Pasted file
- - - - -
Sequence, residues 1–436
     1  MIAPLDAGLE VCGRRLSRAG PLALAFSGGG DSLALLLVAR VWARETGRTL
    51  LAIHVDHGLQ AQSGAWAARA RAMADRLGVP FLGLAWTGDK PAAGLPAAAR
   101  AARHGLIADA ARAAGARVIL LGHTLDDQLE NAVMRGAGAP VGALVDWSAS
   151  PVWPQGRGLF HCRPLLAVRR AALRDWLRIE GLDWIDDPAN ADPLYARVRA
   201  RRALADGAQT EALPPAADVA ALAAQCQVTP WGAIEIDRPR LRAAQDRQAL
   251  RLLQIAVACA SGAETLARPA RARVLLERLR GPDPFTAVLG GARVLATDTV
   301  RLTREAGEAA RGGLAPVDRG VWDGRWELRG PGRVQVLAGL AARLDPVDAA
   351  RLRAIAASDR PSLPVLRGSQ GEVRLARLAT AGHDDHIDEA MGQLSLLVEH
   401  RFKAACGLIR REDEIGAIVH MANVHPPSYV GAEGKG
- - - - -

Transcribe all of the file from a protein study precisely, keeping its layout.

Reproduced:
Sequence, residues 1–436
     1  MIAPLDAGLE VCGRRLSRAG PLALAFSGGG DSLALLLVAR VWARETGRTL
    51  LAIHVDHGLQ AQSGAWAARA RAMADRLGVP FLGLAWTGDK PAAGLPAAAR
   101  AARHGLIADA ARAAGARVIL LGHTLDDQLE NAVMRGAGAP VGALVDWSAS
   151  PVWPQGRGLF HCRPLLAVRR AALRDWLRIE GLDWIDDPAN ADPLYARVRA
   201  RRALADGAQT EALPPAADVA ALAAQCQVTP WGAIEIDRPR LRAAQDRQAL
   251  RLLQIAVACA SGAETLARPA RARVLLERLR GPDPFTAVLG GARVLATDTV
   301  RLTREAGEAA RGGLAPVDRG VWDGRWELRG PGRVQVLAGL AARLDPVDAA
   351  RLRAIAASDR PSLPVLRGSQ GEVRLARLAT AGHDDHIDEA MGQLSLLVEH
   401  RFKAACGLIR REDEIGAIVH MANVHPPSYV GAEGKG